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Solar For All Vermont

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Improving access to clean, distributed energy for all Vermonters

The Vermont Department of Public Service (PSD) is pleased to announce an award of $62.45 million for Solar for All Vermont (SAV), which will allow low-income Vermonters to access the benefits of solar power. This award is part of the historic $7 billion Solar For All Competition (SFA), which was created under President Biden’s Inflation Reduction Act (IRA) to lower energy costs for families, create jobs, advance environmental justice and tackle the climate crisis.

Solar For All Vermont will allow qualifying low-income households to benefit from clean distributed energy.  The program intends to offer three distinct options to Vermonters:

  • Residential solar installations for homeowners
  • Opportunities for membership in a community solar project
  • Benefits for residents of affordable housing


TIMING:   The EPA announced awards on April 22, 2024.  Grant agreements between states and the EPA will be finalized by September 31, 2024.  Benefits for Vermonters are expected to become available in 2025.

PSD intends to solicit public input during the planning phase, beginning in 2024.  The planning will include finalizing details of each of the three programs included in SAV, with some programs potentially launching before others.  The grant cycle is five years with potential for future expansion. 


Funding will establish the Residential Assistance in Solar Energy (RAISE) program and the Multi-Family Affordable Solar Housing (MASH) program.  It will also increase funding for the Affordable Community Renewable Energy (ACRE) program. 

WHY:  The Vermont electric grid is increasingly clean, and while many Vermonters can already produce their own solar power, there have been very limited opportunities for low to moderate-income Vermonters to participate.  Allowing all Vermonters the same access to renewable energy creates equity and energy justice.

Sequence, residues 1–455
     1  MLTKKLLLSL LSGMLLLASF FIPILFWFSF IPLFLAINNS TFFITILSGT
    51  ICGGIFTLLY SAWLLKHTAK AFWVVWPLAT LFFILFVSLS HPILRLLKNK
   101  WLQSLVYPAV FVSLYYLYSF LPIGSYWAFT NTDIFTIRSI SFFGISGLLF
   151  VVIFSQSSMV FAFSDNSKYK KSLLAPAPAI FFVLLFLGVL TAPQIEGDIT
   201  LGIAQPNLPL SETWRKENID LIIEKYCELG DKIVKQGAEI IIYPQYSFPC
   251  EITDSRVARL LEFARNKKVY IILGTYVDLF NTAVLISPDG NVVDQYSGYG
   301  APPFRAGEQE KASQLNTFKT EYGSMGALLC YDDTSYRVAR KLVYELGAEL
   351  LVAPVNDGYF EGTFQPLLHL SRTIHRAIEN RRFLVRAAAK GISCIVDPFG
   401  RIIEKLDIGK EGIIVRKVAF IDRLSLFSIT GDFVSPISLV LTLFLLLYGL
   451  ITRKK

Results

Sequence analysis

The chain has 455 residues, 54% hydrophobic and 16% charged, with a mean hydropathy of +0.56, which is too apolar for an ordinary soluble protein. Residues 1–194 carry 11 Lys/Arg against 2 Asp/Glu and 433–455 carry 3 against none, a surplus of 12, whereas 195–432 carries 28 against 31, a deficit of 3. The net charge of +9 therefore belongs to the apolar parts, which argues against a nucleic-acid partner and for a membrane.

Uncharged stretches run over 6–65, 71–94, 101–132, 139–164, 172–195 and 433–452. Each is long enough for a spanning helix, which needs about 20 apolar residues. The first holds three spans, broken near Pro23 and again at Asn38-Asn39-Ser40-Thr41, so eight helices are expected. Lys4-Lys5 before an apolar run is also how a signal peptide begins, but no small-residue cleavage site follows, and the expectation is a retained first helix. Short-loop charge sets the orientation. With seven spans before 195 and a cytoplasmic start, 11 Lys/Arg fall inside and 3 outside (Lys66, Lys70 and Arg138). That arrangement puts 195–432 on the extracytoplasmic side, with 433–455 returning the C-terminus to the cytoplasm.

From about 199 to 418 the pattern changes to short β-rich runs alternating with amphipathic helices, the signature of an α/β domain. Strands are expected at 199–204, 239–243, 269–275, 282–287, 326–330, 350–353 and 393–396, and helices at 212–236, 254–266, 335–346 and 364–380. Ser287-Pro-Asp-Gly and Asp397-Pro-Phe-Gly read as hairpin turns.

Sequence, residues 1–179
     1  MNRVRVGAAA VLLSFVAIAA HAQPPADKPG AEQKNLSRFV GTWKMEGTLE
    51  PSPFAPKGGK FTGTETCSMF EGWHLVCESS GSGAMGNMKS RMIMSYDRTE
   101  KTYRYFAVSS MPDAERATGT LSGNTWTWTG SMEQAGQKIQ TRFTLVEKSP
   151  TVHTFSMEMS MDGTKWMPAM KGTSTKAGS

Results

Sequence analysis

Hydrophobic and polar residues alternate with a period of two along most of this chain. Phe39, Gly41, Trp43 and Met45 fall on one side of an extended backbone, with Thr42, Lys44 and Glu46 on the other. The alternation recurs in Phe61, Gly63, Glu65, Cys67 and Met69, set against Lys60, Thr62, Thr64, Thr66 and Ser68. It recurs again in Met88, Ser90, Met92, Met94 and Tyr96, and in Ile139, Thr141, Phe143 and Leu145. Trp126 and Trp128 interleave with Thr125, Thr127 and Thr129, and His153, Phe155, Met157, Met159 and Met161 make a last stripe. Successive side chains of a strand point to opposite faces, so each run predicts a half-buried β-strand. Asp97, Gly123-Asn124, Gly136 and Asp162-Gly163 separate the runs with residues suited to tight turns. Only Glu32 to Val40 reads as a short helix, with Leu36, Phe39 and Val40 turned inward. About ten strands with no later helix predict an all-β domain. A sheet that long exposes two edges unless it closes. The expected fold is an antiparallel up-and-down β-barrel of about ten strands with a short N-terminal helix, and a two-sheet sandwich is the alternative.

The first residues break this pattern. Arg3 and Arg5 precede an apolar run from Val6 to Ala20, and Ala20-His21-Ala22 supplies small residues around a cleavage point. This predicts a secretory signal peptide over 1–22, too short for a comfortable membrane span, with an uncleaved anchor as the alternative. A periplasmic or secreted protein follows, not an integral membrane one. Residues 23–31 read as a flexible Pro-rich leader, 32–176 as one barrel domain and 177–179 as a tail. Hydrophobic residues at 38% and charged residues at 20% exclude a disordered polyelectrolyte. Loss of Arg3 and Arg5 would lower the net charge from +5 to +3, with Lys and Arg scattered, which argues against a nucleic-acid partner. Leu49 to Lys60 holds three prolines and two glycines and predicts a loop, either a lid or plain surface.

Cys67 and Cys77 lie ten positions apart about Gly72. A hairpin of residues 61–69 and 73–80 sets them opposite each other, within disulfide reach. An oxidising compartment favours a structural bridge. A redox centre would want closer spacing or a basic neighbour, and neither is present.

WHO IS ELIGIBLE: Income-qualified households with low-income and low- and moderate-income households within CJEST disadvantaged communities as well as residents of managed affordable housing buildings and communities. 

HOW:  Participating households will either gain direct ownership of a solar installation, or a long-term membership share to a community solar project, with some participants also being able to combine storage with solar. Each subprogram is being designed to offer participants an average monthly bill reduction of at least 20%, with some experiencing even greater savings.

Program funds are expected to be used through each of the following programs:

  • RAISE – The Residential Assistance in Solar Energy (RAISE) Program will offer the opportunity for direct ownership of net-metered rooftop solar installations of up to 5 kilowatts to participants. Systems will be financed with subsidized loans through non-profit lenders who will own the system for a 6-year term so that the Investment Tax Credit can be realized through Elective Pay tax provisions of the IRA. Projects will also be subsidized through direct incentives, reducing the amount of the project cost needing to be financed. At the end of the loan term, the ownership of the system will be transferred from the lender to the homeowner, offering years of continued energy savings. Where critical needs can be demonstrated (medical equipment, high-occurrence/long-duration power outages, etc.), storage systems may be included as part of the project for participants. These battery (storage) systems can also provide grid benefits during peak-load events, in addition to backup power for customers during outages. Enabling upgrades are also eligible for this program including roof repairs, structural improvements and electric service enhancements.  
  • MASH – The Multi-Family Affordable Solar Housing (MASH) Program will sub-award funding to a Multi-Family Affordable Housing organization that can offer grants and/or loans to affordable housing developers. Projects will prioritize roof-top space and available on-site land, where practicable, for the installation of net-metered projects. Additionally, larger-scale projects built remotely will offer energy savings to affordable housing projects through special tariffs through the interconnecting of distribution utilities. 
  • ACRE – Vermont’s current Affordable Community Renewable Energy (ACRE) Program will be expanded through the funding made available by SAV. ACRE is a grant program that provides federal funding to Vermont distribution utilities (DUs) to create and implement programs that help low-income electric utility customers.  ACRE was initially intended to provide economic assistance to Vermonters who were disproportionately harmed by the COVID-19 pandemic.  SAV will extend the duration of the program that is currently time-limited by the American Rescue Plan Act (ARPA) funding source. This program extension will offer electric bill reductions through special utility tariffs tied to the production of energy from large-scale solar installations.   

Contact us with questions or comments at

The IRA established the $27 billion Greenhouse Gas Reduction Fund (“GGRF”). $7 billion of the GGRF has been carved out for the SFA Competition. Funding requests through the SFA range from $25 – 400 million with requests limited by the number of residents of disadvantaged communities within the state or territory.

To read Vermont’s application, click here, or read the executive summary here